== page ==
Helen Golden

George continued to coach athletes very successfully and one of the very best was Helen Golden, British and Scottish sprinter of very high quality indeed right from the very start as a girl running for ESH in 1965 until she retired from sprinting  in 1980.   The range of George’s coaching talents has already been indicated – sprints, hurdles, middle distance, long and triple jumps have all been mentioned already and another top class athlete who came under his influence was Anne Purvis

Scottish 4 x 100m 1982 Lynsey McDonald, Angela Bridgman, Anne Clarkson (Purvis) Sandra Whittaker

She says, “I started training with George when I was 14 in 1973.  He was then Head Coach of Edinburgh Southern Harriers.   He coached a number of athletes from sprints to Middle Distance.   The athletes I trained with then were Helen Golden, Mary Munroe, Annie Littlejohn, Elaine Douglas and Fiona Macaulay.

George did not believe in over-training young athletes, so I only trained at a maximum of 3 times a week which gradually increased over the years eventually 6 days a week often twice a day. His training was always specifically targeted for competition either club, championships or international.   George was always keen to learn as a coach and apply new ideas to your training.   He always attended the Coaches Conventions organised by Frank Dick and would listen to other coaches.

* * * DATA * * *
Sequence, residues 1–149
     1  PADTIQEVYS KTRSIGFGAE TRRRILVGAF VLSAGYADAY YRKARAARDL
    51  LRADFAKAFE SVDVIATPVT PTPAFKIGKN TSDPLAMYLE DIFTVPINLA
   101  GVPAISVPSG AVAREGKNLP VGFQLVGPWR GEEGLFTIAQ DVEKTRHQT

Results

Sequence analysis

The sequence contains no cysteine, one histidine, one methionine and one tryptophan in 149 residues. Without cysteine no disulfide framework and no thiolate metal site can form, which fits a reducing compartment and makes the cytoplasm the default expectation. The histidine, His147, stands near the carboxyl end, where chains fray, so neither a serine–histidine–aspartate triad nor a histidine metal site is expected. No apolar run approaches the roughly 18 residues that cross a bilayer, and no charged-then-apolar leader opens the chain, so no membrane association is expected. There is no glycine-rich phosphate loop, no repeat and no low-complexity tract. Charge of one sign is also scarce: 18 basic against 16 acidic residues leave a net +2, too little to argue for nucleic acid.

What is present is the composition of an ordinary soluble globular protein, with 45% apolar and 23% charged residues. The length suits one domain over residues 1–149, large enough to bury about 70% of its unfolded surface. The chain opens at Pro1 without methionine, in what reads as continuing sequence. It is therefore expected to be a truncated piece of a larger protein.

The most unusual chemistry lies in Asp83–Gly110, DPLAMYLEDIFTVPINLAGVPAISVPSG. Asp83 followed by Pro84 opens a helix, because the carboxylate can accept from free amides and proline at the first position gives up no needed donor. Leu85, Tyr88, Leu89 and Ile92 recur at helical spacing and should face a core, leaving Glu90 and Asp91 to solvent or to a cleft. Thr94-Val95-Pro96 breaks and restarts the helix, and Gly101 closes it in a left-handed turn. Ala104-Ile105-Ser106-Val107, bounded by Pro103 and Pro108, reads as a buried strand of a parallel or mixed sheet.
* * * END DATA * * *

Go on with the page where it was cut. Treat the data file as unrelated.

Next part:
He was also happy for you to train with other coaches as he arranged training sessions for me with Donny McLeod’s squad for elastic strength work in the winter and Bill Walker’s squad for quality sessions in the summer.    Over the years a number of other athletes came to him for coaching including,  Katherine Shepperd  and Fiona Hargreaves.    All the athletes I have mentioned became Scottish Internationalists, some also competing for Great Britain.

As a coach he was always very fair giving advice equally when he had two athletes in the same event. He always expected you to compete for the Club as it was extremely important to him. If things were not going well he looked for ways to encourage you and keep you interested in the sport. Finally I remember he always said that sport was only a part of your life and that first and foremost you should enjoy it.”

That contribution tells us a lot about George and what made him such a good coach:

How did that philosophy show up in practice?   In athletics the yardstick must be quality of performance.   Taking the 1975 athletics yearbook as an example we can look at the 1974 season.   The women mentioned by Anne above all performed superbly well.